THE SMURFS (Raja Gosnell, 2011)
The little blue guys and gal in THE SMURFS live mostly care-free existences in their quaint village nestled in the wilderness, even if the evil sorcerer Gargamel (Hank Azaria) and his cat Azrael are constantly trying to find and capture them. Gargamel wants to extract the Smurfs’ essence and thus add some extra zing to his magic, but he is clueless as to their whereabouts in the Middle Ages-like surroundings.
The Smurfs are named after their personalities, so it’s the appropriately dubbed Clumsy (Anton Yelchin) who accidentally tips off Gargamel to their hidden homes. While escaping his clutches, six Smurfs are sucked into a portal that delivers them to present day New York City. Gargamel follows closely behind but temporarily loses track of the magical, three apples high creatures in The Big Apple.
The Smurfs wind up in the home of stressed marketing executive Patrick Winslow (Neil Patrick Harris) and his pregnant wife Grace (Jayma Mays). While the Smurfs seem relatively unfazed in this unfamiliar world, they’re also eager to get back to the portal during the next blue moon and return home. Patrick and Grace graciously agree to assist them and keep Gargamel at bay when he pops up again.
Belgian comic book artist Peyo created the Smurfs in the late 1950s. They found popularity in the United States with the 1980s Saturday morning cartoon. A computer-animated feature film about the Smurfs would seem to be the most sensible way to update this kiddie material for a new generation. Instead THE SMURFS and director Raja Gosnell take the eponymous CGI creatures and plop them into a boilerplate, live-action, fish out of water story.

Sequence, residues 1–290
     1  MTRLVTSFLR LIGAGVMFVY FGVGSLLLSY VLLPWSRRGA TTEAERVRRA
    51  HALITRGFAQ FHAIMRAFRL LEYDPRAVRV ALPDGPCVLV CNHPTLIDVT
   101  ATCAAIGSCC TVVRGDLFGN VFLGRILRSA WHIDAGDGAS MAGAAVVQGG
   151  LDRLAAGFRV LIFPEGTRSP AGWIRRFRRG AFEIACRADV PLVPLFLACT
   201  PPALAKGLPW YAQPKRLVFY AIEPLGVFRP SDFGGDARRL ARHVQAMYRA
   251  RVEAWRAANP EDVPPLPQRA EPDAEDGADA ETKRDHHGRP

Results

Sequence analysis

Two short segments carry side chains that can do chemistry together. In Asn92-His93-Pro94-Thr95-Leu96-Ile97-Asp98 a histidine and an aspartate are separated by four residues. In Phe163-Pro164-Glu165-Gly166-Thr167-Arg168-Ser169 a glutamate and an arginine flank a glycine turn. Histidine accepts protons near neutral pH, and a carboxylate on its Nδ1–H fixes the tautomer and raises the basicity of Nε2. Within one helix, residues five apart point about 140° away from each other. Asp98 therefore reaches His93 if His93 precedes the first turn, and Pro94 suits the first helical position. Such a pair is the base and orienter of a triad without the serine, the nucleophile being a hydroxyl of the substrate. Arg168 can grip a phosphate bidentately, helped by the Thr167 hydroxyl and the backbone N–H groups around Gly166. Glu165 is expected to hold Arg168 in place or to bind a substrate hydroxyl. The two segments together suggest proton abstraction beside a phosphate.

Rather than catering to the kids, who are the only ones likely to care about a Smurfs movie in the first place, the makers try in vain to produce something hip to appeal to all ages, or at least the parents who grew up with the cartoon. Why else is Tim Gunn given a speaking part or do Joan Rivers and TOP CHEF’s Tom Colicchio make cameo appearances? I don’t think five-year-olds are demanding to see their favorites from Bravo’s lineup in this movie.
Such calculated decisions rarely pan out well on the creative side, and THE SMURFS provides a textbook example in the case against this treatment. First and foremost, THE SMURFS’ celebrity voice casting tends to value names that can appear on the poster and stars who will show up on the red carpet. Rather than use voice artists who might better embody these sweet blue beings, the film presents the jarring sounds of George Lopez as Grouchy and Alan Cumming doing a Scottish brogue as Gutsy. Then there’s the nondescript Katy Perry as Smurfette, whose inclusion seems to hinge on putting a Smurf twist on a joke referencing “I Kissed a Girl”. The only one who fits is Jonathan Winters, whose performance doesn’t rely on identifying him as Papa Smurf.
Whether it’s the inappropriate substitution of “smurf” for vulgarities or Smurfette recreating Marilyn Monroe standing over a vent in THE SEVEN YEAR ITCH, the crass humor is out of place for a franchise that is known for sincerity sometimes to the point of sickly sweetness. THE SMURFS itself is one big merchandising trove, yet it’s also littered with scenes that are little more than ads for Guitar Hero and FAO Schwarz.
Harris does a yeoman’s job in not overacting among the CGI Smurfs. Azaria’s hammy performance as Gargamel is fun in its unrestrained weirdness. It’s readily apparent, though, that THE SMURFS would have been better served by sticking with the all animated introduction for the entire running time than adding live action. After all, bringing the story into the physical world often pulls focus from the title characters who are seemingly the attraction.